Surgery for psoriatic arthritis


An introduction to the most common types of surgery for psoriatic arthritis (PsA). This includes tips on when to talk to your doctor about surgery and how to get prepared.

Why do people with psoriatic arthritis have joint surgery?

Surgery for arthritis is done to:

  • ease severe pain when other treatments have not helped
  • improve movement and use of a joint, for example make your hip more flexible so you can walk and sit comfortably
  • improve alignment (position) of joints, for example straighten finger joints for you to grip and hold objects.

Surgery can help make daily activities easier and improve your quality of life.


When should I talk to my doctor about joint surgery?

If you have any of the following signs you should talk to your doctor about the possibility of surgery.

  • You have pain that stops you sleeping.
  • Your pain does not improve with rest, medicines, exercise or other treatments.
  • It has become hard for you to look after yourself (such as showering, getting dressed, getting out of a chair).
  • Your ability to work or look after others is reduced.
  • Your pain stops you from doing things you enjoy.


Who decides if I need surgery?

Your doctor will refer you to an orthopaedic surgeon (a doctor who specialises in and operates on bones). The surgeon will assess whether you may benefit from surgery. If surgery is recommended it is still your decision whether to have it or not.

Before you decide, make sure you understand:

  • what are the possible benefits?
  • what are the specific risks with this type of surgery?
  • whether there are other options?
  • what will happen if you don’t have this surgery?
  • the likely cost and whether it is covered by your health insurance.

Remember, not having surgery is always one of your options. Your doctor or surgeon should be happy to arrange a second opinion if you want one.


What are the common types of surgery for psoriatic arthritis?

  • Arthrodesis: involves the two bones that form the joint being fused (joined) together. As the fused joint cannot be moved it is no longer painful. This type of surgery is commonly done on ankles, wrists, fingers, or thumbs.
  • Resection is the removal of part or all a bone or an entire joint. This is often done for damaged joints in the foot and big toe.
  • Synovectomy is an operation to remove the synovium (the lining of the joints). This may reduce pain, swelling and joint damage. However, the synovium may regrow after several years, and the symptoms can return.
  • Joint replacement is also called arthroplasty. This involves replacing a damaged joint with an artificial joint.  The entire joint can be replaced (total arthroplasty) or just one part of the joint (hemiarthroplasty). Joint replacements can be done on knees, hips, shoulders, elbows, fingers, ankles, toes and even the spine. See our Joint Replacement booklet for more information.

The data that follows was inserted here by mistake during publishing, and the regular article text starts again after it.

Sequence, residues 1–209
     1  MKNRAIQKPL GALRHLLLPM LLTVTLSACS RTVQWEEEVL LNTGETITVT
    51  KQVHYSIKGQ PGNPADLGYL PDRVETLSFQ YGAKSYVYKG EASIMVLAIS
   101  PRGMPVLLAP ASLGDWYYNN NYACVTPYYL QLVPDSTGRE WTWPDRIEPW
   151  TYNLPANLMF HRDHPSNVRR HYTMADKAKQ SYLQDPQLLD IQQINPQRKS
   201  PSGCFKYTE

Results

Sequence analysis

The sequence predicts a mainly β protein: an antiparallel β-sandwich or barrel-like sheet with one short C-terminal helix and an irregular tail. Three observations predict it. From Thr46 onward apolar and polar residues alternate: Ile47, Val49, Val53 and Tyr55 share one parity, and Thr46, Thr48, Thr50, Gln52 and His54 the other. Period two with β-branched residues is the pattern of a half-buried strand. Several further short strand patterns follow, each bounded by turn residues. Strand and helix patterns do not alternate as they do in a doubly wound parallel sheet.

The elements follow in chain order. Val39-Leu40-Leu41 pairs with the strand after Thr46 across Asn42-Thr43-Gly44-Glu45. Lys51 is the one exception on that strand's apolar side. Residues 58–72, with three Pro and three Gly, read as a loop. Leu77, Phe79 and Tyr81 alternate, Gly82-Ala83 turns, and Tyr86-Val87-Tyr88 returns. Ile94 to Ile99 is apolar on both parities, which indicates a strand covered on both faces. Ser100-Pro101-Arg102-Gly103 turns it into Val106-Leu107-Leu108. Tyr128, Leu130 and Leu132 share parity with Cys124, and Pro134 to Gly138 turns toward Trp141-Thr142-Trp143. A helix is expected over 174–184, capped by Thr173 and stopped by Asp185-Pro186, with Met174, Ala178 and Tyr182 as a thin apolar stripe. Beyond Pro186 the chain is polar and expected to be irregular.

Is surgery risky?

All surgery has risks. There are general risks with having any type of operation, as well as specific risks related to the type of surgery. Make sure you understand the possible risks, their likelihood, and their consequences before you decide to have surgery. You should discuss this carefully with your surgeon.


Getting ready for surgery

  • Plan for recovery and returning home. During your recovery, which may take days, weeks or even months, you may need help with daily tasks such as cooking and showering. Make sure you have family and/or friends available to help you during this time. If you do not have help available, talk to your doctor about local support services or staying at a rehabilitation centre after surgery.
  • You may need to attend an assessment at the hospital before your surgery. This is a good chance for you to ask questions about your surgery and recovery. Also, you may be able to talk to a physiotherapist or occupational therapist about any equipment you may need, such as crutches and handrails in the shower.
  • Tell your doctor about all the medicines you have taken and are currently taking. This includes ‘natural’ and over-the-counter medicines. Some medicines, including those used for joint pain and inflammation, can cause bleeding. Your surgeon may recommend you stop taking some medicines before your operation.
  • Lose weight if you are overweight.
  • Stop smoking. Speak to your doctor or call the Quitline on 13 7848 for free information and support to stop smoking.
  • Start an exercise program. Staying active and doing regular exercise can help you recover after surgery. If you have severe pain, you may find water exercise more comfortable. See a physiotherapist for hydrotherapy or contact your local arthritis office for details of warm water exercise classes.


Life after surgery 

Your healthcare team can help you make a plan for recovery and returning home. They will advise you on the best way to recover and develop a discharge plan for when you leave hospital. Your discharge plan will include tips  on activities such as driving, and any aids or equipment to help you around the house.

You may be prescribed medication. It is important to understand what medication to take, how you take it and how often. Speak with your doctor if you have questions or if you experience side effects. Your doctor may lower your dose or prescribe another medicine that suits you better.

You will probably need to follow a physiotherapy or exercise program after surgery. Be ready for several weeks or even months of exercise. The amount of effort you put in can make a big difference in how well you recover.

For more information see what to expect after surgery and our Joint Replacement booklet.

This resource has been developed based on the best available evidence. A full list of references is available upon request.